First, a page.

I keep going back to this thought. What would the word be for this? Is it a certain parochialism that we possess?

    • Bebe says:


    • Irishgal says:

      Yea…. taking your cultural norms with you when you travel isn’t a great idea. You respect the laws and cultures of the countries you visit. Just as people visiting America have to do when we visit your country

      • sarphati says:

        I totally agree. When I visit friends in Amsterdam, they are mortified at the idea of asking for a doggie bag. You don’t have a dog, they say. And what will the server think of you? So, when I am there, I resist the urge to take my half-eaten meal with me. I am making an effort to respect the culture I am in at the time. However, things change and now my friends see the wisdom of being able to take home a meal that they can share with their dog.

      • WTF says:

        I agree with you, but I think InsertNameHere’s point is that this was a quick and visceral response. He likely acted on instinct. I don’t excuse him at all. And honestly I think all the hoopla is funny considering what a jerk this dude is. But I take her point about a Black American male not thinking to call the police.

  20. Erin says:

    As an black American living in Stockholm for the last five years I have complete faith in the Swedish system. The only thing that is a mess
    Is Americans worrying about this man. He will be prosecuted fairly and serve the rather comparatively lenient punishment for his crime. Our America system
    Is so broken that we look at other countries through the lens of how we view our own system. My home state of California has more people incarcerated than all of Northern Europe combined, If you want to talk about messy.

    • Lisa says:

      The alleged “victims” were in fact trouble makers. They were asked nicely many times to stop following the entourage. These two young men were obnoxious. They were slapping the asses of women and they were out looking for trouble. One of these guys was arrested after the ASAP Rocky incident for stealing and he was found to have a knife on him. They should both be in prison and the Swedish government should protect their population from the likes of these criminals. They have a long list of crimes that they have committed in the past. They are not to be trusted. For sure, these two will commit more and more crimes once they are released from prison. It is a travesty to have arrested ASAP Rocky. Shame on Sweden and on their “unjust” justice system.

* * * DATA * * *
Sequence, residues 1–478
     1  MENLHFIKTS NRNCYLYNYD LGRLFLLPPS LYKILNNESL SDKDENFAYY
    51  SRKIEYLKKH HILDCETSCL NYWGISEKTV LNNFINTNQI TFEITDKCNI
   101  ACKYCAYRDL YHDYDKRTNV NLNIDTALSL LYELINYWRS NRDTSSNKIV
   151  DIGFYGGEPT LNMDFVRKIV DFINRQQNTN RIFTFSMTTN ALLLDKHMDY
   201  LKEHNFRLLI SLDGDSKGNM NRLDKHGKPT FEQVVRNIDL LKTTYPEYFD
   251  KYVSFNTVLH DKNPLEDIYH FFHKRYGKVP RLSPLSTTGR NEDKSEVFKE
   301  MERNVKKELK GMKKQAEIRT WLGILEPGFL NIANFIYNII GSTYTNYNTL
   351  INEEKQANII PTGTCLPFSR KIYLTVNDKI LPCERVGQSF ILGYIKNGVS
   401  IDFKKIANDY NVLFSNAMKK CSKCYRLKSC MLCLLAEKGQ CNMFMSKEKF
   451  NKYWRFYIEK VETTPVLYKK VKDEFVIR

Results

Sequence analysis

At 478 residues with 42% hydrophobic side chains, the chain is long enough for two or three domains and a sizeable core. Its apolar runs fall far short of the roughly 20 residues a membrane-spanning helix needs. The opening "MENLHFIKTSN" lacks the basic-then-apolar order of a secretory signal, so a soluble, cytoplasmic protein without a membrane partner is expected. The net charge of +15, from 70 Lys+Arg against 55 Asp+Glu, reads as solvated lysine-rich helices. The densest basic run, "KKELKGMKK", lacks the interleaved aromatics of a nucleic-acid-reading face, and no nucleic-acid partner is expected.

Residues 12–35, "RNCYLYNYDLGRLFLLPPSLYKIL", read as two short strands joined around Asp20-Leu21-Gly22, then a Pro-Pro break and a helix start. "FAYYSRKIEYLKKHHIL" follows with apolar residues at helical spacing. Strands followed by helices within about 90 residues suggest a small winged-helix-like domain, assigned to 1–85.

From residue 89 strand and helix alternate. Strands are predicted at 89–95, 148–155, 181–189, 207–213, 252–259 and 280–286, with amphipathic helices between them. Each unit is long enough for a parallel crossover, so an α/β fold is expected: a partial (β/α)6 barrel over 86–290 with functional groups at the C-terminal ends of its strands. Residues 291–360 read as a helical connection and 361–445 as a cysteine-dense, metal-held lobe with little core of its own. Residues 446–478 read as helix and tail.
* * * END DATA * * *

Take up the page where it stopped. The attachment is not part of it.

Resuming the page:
• Reader says:

        The “security guards” had the “alleged victim” on the ground when ASAP Rocky allegedly kicked/bottled him. That’s unnecessary assault. Full stop. Someone using harassing words would be an irritant, but does not deserve a beating.

      • crogirl says:

        Please, if Rocky pulled something like this in the US he’d probably be dead. You can’t just beat someone and not expect consequences. Noone is denying those guys were harrasing him, but he used unnecessary force.

  21. Ashley G says:

    I don’t know Swedish law, I would expect it being maybe even better than America because it’s a socialist country but any good lawyer would take the credibility of those two men and work it against them. Two men instigated a wealthy rapper for fun because they’re thugs who came to Sweden and took advantage of their system by then going on to do a host of crimes. Come on. History of knife crime and theft? Perhaps ASAP feared for his life or his property. This is just too easy. Get a jury with a leaning towards racism or nationalism and you are set.

  22. Ishqthecat says:

    Working in the Swedish criminal justice system for 15 yrs. This case is a standard drunken brawl out on the town. Nothing messy or unusual about this case or the trial. I see guys (all manner of colours/denominations/nationalities) in the same situation here every day of the week- a couple of guys picking a fight and the provoked party giving to them. Almost always alcohol and drugs involved which clouds everyone’s judgement. You simply aren’t allowed to beat people up in Sweden even if they call you names or throw headphones at you. If someone tried to strangle you with the headphone cord or threw a knife that would be a different situation- the assault charges would be more likely be dropped. The only odd thing about this case is the US president trying to get involved in an absolutely standard bar fight because one party is a rich and famous American. Very proud that our system is handling this in the same way as we do all the poor, no-name dudes who end up in similar brawls every Friday and Saturday night and who don’t have a president/Kimye to give our PM a call on their behalf!

  23. Americano says:

    Why do people keep bringing up who started it? These are grown adults, not 5 year old children. Just as it is an unacceptable excuse for children, it is even more unacceptable for adults. Can we stop making excuses for the guy? Honestly, for all of you making this argument, would you beat up a person in a foreign country over something like this? I would hope not. It’s just plain stupid.